What is GDPR?
General Data Protection Regulation.
That’s what GDPR stands for, for all of you with acronyphobia. Although it’s muted by its bland name, this law is making a few waves. Worrying won’t give you anything but wrinkles, there are some things you need to watch out for.
This One’s One To Watch
This little law is a product of a four-year brainstorming session that the European Commission undertook in 2012 to lay some data protection ground rules to make internet life in the EU “fit for the digital age.” If the internet is the Wild West, then GDPR is an eager young sheriff with an eye for data collection restrictions.
Seeing Through The Misinformation
- Email marketing: You can’t send marketing or sales information to any individual unless they give consent. That means newsletter checkboxes on online forms should be unchecked by default. This is exactly why the British chain Wetherspoons already deleted their entire email database: they collected emails through their wifi sign-up form and sent them a newsletter.
- The Right to be Forgotten: If someone asks to have their data removed from your system then you must do so. Psst: there is a loophole—legitimate interest.
- Data Portability: EU citizens have a right to all their personal data under GDPR— companies have to give it up for free in an easy-to-understand format.
- Breaches: Companies will need to report data breaches within 72 hours.
It can be extra confusing because the effects of GDPR depend on the individual shape of each company. That could mean trouble for non-traditional companies. You know what it’s like—in the online arena, growing your business means contorting data in new ways to give yourself a competitive edge. So, GDPR will affect these front-runners in ways that are not necessarily predictable. Here’s the one thing you need to remember: whether or not you’re in the EU (we’re looking at you, Britain and Switzerland!) if you collect any information (names, emails, credit card numbers, photos, even social media posts) about EU citizens, then the GDPR is your problem. And you probably don’t want to get hit with a fine of up to €20 million.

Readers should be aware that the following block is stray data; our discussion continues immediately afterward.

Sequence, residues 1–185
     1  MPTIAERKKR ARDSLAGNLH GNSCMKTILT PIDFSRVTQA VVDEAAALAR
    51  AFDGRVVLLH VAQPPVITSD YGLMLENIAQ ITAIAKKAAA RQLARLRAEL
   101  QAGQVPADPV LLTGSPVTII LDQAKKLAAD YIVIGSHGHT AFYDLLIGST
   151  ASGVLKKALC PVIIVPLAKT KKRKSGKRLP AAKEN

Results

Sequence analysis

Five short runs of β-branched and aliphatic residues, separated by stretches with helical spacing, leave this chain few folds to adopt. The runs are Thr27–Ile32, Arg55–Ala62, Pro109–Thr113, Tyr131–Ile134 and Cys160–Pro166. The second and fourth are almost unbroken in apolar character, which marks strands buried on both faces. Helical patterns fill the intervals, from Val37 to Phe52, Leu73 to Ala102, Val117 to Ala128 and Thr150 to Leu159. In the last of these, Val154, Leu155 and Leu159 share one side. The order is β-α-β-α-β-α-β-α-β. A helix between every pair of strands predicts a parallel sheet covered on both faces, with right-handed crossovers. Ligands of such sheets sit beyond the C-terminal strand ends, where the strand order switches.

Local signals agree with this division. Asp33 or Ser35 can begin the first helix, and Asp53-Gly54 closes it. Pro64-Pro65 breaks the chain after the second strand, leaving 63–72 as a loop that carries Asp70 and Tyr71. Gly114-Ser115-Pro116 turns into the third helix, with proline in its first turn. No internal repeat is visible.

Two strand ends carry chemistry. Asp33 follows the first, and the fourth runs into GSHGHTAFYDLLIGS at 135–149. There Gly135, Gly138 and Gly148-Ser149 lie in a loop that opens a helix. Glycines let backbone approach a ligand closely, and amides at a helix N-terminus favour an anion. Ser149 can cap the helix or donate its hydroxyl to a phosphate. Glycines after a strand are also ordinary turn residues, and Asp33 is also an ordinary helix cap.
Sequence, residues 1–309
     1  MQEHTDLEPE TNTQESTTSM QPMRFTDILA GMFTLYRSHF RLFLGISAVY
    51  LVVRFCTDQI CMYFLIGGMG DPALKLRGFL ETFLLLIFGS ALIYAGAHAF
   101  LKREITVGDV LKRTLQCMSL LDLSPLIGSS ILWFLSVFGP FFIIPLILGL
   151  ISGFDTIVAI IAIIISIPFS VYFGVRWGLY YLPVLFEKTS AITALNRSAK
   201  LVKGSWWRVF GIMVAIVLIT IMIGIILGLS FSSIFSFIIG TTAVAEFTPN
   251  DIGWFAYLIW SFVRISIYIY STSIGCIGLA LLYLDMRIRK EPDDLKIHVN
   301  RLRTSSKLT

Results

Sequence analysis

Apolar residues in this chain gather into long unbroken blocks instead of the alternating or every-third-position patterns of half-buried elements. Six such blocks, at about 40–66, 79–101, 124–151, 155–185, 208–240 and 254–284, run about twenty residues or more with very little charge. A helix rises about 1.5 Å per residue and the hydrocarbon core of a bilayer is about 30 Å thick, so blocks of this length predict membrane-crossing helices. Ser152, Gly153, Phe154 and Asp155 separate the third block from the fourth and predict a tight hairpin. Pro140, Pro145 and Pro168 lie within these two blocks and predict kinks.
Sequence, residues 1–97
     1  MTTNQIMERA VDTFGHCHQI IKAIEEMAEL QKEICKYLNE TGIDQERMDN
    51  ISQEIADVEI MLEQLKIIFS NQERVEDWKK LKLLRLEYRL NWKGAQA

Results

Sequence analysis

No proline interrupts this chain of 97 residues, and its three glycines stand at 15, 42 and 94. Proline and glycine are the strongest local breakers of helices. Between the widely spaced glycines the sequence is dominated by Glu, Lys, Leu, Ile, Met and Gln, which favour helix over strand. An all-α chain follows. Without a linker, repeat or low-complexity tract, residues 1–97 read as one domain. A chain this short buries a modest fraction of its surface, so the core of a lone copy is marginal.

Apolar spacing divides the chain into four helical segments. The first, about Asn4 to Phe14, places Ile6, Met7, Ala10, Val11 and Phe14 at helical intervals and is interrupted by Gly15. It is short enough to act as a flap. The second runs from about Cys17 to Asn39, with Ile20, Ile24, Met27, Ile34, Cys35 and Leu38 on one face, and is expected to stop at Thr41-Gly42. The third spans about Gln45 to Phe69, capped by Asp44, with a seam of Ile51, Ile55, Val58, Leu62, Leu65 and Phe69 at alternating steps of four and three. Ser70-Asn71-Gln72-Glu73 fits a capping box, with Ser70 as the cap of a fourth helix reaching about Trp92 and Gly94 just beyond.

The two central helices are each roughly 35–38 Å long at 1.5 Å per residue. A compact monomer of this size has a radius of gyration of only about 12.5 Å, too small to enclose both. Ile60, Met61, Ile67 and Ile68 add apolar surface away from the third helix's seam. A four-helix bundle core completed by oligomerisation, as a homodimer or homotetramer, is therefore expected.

Terms and Conditions Apply
From the consumer’s point of view, GDPR might just be another annoying little pop-up box to tick, like the famous “accept cookies.” But for companies, it could mean changing their structure completely. Or not: a prediction from Forrester says that 80 percent of companies won’t be up to code by May 25th— either intentionally or inadvertently. A big portion of that 80% will likely be corporations who use Google’s ad services. Companies could also face new threats, like “right to be forgotten” sticklers who will suck up company resources, meaning damaged brands. On the flipside, in the blockchain-enabled trust-based economy of the future, a move towards a customer-centric experience is quite welcome. It gives consumers of internet resources more control over their digital selves and may prevent the next Facebook-esque data selling scandal.